Marini's interest in the horse and rider theme initially derived from Etruscan and classical Roman sculptures, such as the iconic equestrian statue of Marcus Aurelius, that he had seen as a young art student in Italy. His first serious artistic consideration of the theme occurred during the early 1930s, after travelling to Northern Europe where he saw the 11th century equestrian statue of Emperor Henry II in Bamberg cathedral. Marini's admiration for these medieval examples, as well as for Degas's sculptures of racehorses, the Italian Futurists' mechanised horses, and Picasso's terrified horse in Guernica, inspired him to explore equestrian themes in his art. Over the next several decades, Marini's horsemen became increasingly abstract, and the bodies of the horse and rider were simplified to their most elemental components. By the 1950s, when the present work was executed, Marini developed what are widely acknowledged as his most powerful and affecting representations of this subject. Reflecting on the development of these sculptures, he wrote: 'In the end, my passion for the horse represented a personal research into a kind of visual architecture. The horse's form is the opposite of man's; the horse is horizontal, man is vertical... However, the concept changed over the years, and at a certain point what had been serene and tranquil became agitated and expressionistic' (quoted in Sam Hunter, Marino Marini, The Sculpture, New York, 1993, p. 78).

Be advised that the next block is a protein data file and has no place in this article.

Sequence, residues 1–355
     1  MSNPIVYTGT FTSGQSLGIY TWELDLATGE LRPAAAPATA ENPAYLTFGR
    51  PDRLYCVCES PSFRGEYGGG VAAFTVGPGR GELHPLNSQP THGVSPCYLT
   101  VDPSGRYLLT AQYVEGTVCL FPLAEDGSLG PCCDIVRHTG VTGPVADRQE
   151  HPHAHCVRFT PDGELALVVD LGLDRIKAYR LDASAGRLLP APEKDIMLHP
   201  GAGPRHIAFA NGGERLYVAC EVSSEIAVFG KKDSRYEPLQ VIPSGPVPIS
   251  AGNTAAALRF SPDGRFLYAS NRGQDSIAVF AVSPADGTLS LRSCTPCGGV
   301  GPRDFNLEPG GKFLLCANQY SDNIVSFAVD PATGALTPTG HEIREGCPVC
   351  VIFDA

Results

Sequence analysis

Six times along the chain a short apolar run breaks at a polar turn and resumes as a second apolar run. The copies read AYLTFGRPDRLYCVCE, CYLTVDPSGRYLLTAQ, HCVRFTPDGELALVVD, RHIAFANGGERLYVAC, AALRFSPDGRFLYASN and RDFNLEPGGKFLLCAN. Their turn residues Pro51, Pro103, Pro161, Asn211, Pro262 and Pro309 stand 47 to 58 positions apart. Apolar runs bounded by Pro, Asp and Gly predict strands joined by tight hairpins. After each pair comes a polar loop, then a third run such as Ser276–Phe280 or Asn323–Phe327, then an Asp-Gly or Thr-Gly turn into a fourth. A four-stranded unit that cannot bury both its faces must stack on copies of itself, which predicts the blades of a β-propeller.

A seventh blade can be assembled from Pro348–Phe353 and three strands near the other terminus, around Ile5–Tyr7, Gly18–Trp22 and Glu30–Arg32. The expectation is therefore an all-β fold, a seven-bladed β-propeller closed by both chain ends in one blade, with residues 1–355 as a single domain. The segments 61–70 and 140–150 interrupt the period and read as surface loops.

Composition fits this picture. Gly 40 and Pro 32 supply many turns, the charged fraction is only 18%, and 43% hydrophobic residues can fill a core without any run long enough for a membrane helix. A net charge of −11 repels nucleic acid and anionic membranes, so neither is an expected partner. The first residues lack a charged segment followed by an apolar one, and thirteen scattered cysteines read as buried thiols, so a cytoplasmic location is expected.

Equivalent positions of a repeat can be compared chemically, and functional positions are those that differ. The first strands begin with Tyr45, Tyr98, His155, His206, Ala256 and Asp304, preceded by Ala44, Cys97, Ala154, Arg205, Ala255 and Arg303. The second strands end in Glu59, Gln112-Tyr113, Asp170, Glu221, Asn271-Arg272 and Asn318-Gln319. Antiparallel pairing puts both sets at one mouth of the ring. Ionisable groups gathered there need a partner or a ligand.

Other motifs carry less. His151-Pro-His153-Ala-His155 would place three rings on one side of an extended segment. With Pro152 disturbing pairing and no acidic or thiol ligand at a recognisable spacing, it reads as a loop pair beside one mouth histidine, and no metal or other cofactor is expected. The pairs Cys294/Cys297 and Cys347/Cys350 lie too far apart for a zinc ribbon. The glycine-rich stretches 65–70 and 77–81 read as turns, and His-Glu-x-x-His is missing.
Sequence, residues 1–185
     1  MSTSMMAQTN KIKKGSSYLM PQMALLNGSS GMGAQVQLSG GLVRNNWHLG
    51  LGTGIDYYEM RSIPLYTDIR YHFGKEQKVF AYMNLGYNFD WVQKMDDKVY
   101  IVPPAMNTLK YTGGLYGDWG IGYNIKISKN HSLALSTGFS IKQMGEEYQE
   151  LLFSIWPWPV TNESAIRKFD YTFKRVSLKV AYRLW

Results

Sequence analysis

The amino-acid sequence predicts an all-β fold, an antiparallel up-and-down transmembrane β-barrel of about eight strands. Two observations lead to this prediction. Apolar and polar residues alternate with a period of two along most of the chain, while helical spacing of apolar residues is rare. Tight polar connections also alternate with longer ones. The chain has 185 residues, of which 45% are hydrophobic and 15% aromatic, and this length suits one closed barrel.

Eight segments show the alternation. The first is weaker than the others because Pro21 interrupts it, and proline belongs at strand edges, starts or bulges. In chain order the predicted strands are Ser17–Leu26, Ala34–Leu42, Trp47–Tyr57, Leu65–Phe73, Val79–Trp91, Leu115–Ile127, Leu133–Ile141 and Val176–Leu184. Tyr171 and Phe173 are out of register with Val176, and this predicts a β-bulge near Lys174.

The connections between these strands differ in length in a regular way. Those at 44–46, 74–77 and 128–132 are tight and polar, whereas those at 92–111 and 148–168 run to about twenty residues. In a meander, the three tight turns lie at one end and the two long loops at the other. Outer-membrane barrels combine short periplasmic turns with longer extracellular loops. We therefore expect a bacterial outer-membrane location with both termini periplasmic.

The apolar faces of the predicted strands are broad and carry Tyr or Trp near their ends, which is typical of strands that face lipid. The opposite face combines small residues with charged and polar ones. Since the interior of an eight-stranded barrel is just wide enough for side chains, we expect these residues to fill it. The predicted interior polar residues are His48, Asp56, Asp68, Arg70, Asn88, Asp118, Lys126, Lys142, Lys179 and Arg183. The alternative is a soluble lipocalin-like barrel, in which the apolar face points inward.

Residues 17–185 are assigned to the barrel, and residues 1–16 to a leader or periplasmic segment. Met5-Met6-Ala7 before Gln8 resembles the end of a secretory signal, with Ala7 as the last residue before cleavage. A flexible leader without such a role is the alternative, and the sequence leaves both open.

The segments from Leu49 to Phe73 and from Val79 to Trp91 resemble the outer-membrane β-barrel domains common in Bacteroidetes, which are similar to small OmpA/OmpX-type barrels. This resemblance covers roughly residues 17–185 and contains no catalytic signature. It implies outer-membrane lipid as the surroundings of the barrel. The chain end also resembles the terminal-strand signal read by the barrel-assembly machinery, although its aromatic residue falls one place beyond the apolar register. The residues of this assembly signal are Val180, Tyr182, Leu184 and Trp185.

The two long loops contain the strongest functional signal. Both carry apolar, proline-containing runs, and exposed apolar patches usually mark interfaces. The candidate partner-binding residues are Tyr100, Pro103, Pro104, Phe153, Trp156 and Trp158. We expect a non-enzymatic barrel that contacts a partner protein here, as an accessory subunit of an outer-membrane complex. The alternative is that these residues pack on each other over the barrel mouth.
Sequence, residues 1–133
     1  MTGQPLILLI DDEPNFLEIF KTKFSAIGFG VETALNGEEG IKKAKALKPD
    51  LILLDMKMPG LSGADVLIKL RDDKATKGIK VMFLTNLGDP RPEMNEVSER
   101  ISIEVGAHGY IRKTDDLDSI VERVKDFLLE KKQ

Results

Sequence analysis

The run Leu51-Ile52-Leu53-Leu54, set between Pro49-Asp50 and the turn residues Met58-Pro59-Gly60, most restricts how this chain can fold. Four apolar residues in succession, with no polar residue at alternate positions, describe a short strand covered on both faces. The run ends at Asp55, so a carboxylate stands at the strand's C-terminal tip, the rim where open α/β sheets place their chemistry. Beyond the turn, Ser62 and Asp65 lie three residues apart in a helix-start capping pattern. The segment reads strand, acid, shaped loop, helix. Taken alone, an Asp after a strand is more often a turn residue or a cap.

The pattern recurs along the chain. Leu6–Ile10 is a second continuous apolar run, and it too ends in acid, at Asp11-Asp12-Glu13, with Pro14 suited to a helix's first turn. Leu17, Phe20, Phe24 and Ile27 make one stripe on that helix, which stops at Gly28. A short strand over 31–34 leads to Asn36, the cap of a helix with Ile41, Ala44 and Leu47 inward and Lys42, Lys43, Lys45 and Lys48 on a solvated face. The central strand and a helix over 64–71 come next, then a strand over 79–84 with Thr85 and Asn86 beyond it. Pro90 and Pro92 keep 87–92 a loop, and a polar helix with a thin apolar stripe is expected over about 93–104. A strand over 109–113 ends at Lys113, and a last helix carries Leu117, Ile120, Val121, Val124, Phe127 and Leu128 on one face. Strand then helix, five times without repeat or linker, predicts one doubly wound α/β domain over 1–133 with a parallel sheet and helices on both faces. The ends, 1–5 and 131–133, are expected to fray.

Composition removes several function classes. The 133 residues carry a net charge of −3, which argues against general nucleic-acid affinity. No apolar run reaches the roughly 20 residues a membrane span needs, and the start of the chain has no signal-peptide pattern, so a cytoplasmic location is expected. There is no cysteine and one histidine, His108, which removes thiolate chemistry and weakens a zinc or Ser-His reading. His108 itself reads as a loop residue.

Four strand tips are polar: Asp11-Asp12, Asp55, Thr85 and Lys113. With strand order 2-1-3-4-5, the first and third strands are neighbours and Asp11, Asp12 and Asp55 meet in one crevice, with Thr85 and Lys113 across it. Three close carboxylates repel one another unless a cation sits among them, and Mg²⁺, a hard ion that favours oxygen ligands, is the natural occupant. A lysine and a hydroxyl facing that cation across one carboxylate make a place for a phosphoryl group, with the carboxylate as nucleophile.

The present work captures a precise and critical moment in time, the moment when the fall of the rider becomes inevitable. The rider's fate is precarious: it is a depiction of man on the threshold between life and death. The fragility of human life became a dominant artistic theme in this post-war period of uncertainty, and the work of artists such as Francis Bacon and Alberto Giacometti was soon regarded as paradigmatic of the increasingly prevalent Existential theories and mood that was sweeping from Paris across Europe. The influence of Picasso's Guernica, 1937 (fig. 1), cannot be underestimated as a visual source for the stark, jarring forms of Cavaliere. The dramatic jolt of the horse's body, its head and neck fully extended, nods to the pose and expression of the horse in the centre of Guernica, lost in the chaos of the scene. Picasso's masterpiece was much more overtly politically motivated, but nonetheless the two works share a remarkably similar atmosphere of drama and dynamism. The present work is characterised by an exceptional intensity of expression, and this is complemented by its beautifully highly worked surface, a testament to the artist's detailed approach to sculptural finish.
The polychrome plaster version of this model belongs to the Museo Marino Marini, Florence and another of the bronze casts can be found in the Art Gallery of Western Australia, Perth.